The Charity Commission has told the Legatum Institute Foundation that publishing a report about Brexit breached the regulator's guidance on political impartiality.
The Commission ordered Legatum - a pro-free trade think tank charity - to remove its report, Brexit Inflection Point, from its website. It said the report "crossed a clear line".
The Commission opened a regulatory compliance case into Legatum after receiving complaints last year. The findings of that case were published today.
The Commission has issued formal regulatory advice about maintaining independence and neutrality. It will also continue to monitor Legatum Institute.
David Holdsworth, chief operating officer at the Charity Commission, said: “Our case found that the Legatum Institute Foundation breached regulation with the publication of its Brexit Inflection Point report.
“Charities with educational purposes have a valuable role to play in public debates, but they must act responsibly. On such a highly political issue it is especially important that trustees can clearly demonstrate they are operating in line with our guidance to inform the public in a balanced and evidence-based way.
“With this report, the trustees failed to meet the required standards of balance and neutrality.”
Legatum agreed to remove the report from its website but in a statement sent to media organisations, inlcuding Civil Society News, it said it was concerned by the request. The Commission told the charity to remove the report on 10 May and the charity waited until late afternoon on 31 May.
Alan McCormick, chair of the charity, initially said: “We are pleased that the Commission has concluded its review of the Legatum Institute. As a board, the trustees take very seriously the institute’s responsibility to educate the general public about how individuals, communities and nations can create the pathways from poverty to prosperity.
“Over the past five months we have worked closely with the Commission, pro-actively reporting relevant information and answering all questions posed to us. We are pleased to see the official recognition on the part of the Commission that the institute operates independently and that we have systems in place which are designed to ensure balance and neutrality in our research and educational work.
“Whilst we understand and will fulfil the Commission’s request to remove the Brexit Inflection Report from our website, the Legatum Institute stands by its view that free trade and free enterprise have done more to lift people out of poverty than any other system. This is not a ‘political’ position but a position informed by empirical evidence and the experience of nations over the centuries – it is supported by a huge body of evidence and research.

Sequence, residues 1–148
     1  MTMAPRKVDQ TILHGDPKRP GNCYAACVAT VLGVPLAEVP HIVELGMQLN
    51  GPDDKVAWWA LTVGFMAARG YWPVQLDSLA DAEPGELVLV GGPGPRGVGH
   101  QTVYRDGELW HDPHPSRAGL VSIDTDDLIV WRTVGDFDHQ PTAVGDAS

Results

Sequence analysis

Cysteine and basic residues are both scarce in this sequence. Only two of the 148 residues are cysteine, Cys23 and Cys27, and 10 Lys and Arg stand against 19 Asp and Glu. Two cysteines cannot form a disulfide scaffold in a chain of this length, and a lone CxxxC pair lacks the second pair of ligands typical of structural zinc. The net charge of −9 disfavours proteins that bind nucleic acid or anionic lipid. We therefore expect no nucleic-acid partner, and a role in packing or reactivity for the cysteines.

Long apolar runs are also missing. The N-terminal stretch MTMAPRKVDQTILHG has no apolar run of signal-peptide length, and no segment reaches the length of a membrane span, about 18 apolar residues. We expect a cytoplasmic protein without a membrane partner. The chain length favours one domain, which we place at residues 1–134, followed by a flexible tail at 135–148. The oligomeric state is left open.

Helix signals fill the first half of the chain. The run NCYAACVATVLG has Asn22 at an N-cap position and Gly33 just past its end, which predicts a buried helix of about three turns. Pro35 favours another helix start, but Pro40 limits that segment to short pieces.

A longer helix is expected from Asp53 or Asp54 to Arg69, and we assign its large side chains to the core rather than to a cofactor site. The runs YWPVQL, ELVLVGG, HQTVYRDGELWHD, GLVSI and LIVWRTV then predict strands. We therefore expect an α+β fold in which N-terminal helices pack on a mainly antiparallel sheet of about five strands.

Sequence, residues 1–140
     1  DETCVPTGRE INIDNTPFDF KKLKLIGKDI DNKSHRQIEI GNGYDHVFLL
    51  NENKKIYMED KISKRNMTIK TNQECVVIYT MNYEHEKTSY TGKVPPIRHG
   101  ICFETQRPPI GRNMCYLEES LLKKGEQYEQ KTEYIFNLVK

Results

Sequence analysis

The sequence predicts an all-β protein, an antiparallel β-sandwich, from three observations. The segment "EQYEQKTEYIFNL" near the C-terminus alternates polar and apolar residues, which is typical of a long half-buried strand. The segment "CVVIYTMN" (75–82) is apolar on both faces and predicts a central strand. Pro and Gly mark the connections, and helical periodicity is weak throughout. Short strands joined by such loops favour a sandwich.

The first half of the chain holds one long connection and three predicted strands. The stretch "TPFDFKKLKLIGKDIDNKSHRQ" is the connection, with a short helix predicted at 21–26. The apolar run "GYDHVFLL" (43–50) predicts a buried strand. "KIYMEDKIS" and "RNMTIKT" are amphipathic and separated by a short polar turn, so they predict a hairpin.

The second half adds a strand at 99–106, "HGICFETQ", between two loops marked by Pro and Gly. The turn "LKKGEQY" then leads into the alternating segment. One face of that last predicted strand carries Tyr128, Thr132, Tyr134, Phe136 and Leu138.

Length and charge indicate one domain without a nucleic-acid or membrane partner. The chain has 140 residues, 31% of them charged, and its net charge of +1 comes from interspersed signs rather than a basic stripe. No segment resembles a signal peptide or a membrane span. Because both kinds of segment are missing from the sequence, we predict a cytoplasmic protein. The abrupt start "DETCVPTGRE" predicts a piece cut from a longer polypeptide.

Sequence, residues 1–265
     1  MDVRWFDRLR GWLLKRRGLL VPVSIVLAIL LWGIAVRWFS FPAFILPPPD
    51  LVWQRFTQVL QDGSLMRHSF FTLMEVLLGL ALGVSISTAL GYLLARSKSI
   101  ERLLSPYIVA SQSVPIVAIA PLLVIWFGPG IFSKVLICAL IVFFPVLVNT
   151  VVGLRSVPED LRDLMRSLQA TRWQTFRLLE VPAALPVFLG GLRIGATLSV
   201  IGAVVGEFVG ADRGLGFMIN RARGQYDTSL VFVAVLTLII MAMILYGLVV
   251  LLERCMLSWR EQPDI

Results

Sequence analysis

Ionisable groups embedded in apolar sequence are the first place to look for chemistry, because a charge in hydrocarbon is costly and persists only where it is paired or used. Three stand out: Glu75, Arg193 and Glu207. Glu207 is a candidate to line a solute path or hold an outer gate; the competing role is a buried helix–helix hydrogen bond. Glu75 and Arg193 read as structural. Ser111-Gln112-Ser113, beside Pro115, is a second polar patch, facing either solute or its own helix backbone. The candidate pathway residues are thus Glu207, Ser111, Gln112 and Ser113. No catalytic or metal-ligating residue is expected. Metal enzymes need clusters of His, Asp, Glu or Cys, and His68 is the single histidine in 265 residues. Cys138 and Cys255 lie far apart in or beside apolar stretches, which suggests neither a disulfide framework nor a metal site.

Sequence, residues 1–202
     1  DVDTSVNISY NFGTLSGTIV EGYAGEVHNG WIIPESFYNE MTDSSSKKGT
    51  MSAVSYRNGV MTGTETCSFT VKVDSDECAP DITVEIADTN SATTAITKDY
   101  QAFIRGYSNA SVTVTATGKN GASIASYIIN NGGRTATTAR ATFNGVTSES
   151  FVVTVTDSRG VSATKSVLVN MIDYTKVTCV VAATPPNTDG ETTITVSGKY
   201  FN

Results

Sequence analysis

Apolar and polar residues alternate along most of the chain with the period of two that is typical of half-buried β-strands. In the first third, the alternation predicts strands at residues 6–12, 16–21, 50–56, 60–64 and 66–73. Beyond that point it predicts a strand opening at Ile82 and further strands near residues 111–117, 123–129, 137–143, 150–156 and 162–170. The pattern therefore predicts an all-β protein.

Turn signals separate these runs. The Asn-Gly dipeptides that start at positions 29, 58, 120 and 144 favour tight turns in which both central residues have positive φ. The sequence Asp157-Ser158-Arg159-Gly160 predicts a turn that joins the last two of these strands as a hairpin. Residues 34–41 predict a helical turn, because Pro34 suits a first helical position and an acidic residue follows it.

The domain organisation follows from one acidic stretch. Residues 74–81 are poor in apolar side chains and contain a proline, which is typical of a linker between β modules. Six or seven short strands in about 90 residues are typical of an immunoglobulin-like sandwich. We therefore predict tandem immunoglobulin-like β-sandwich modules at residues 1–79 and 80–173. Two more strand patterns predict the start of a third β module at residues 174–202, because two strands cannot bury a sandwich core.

"I am therefore concerned by the request to remove the report from our website because it “may be” seen by some as political, and think this should concern all those who wish to see the public engaging with the ideas that can move people and nations from poverty to prosperity.”
This morning the charity updated position and its statement on its website no longer references its "concern" about the Commission's and instead said: “We acknowledge the Commission’s conclusion that the Brexit Inflection report crossed a line – from the Institute’s perspective, this was wholly unintentional. In addition, we understand, and will fulfil, the Commission’s request to remove the report from our website.
“By closing the case, the Commission has affirmed the high standards of the Legatum Institute and cleared the way for it to get on with its mission.”
The Charity Commission said that if found the charity has a “wide-ranging programme” and that its Brexit work has now been “refocused to global trade more generally, following changes in personnel”.
In 2016 Legatum set up a working group called the Special Trade Commission to look at the implications of the UK leaving the EU and produced the report, which aimed to review the barriers to the UK establishing its own trade agenda.
But the Brexit report said: “The STC aims to present a roadmap for the many trade negotiations which the UK will need to undertake now. It seeks to re-focus the public discussion on Brexit to a positive conversation on opportunities, rather than challenges, while presenting empirical evidence of the dangers of not following an expansive trade negotiating path.”
The Commission said that while it was acceptable for the charity was able to conduct research in this area it should be clear that there were other potential outcomes and be balanced.
“Taken as a whole the report may be seen as promoting a political view directed towards securing a particular negotiating position for the aim of a particular final outcome, and recommending specific government action that reflects this,” the Commission said.
“Whilst we considered that the trustees do recognise the need for balance and neutrality, they crossed a clear line with this publication.”
The Commission’s report said: “Although the charity has a relationship with the Legatum Group, from which it receives funding, and some individuals connected to the Legatum Group serve on the charity’s board of trustees, it was substantially independent of the group.”
It said it was satisfied that the charity operates “independently” and that trustees were “aware of the need to retain balance and neutrality”.
The charity is based in London and describes itself as “an international think tank and educational charity”. It is part of a “global community of organisations founded and supported by Legatum Foundation”.
The Legatum Institute’s chair, Alan McCormick, is also managing director of the Legatum Group – a private global investment firm.
The charity has seven trustees, including its chief executive Philippa Stroud.
The Legatum Institute had an income of £4.4m for the financial year to December 2016 – the latest available accounts on the Commission’s website.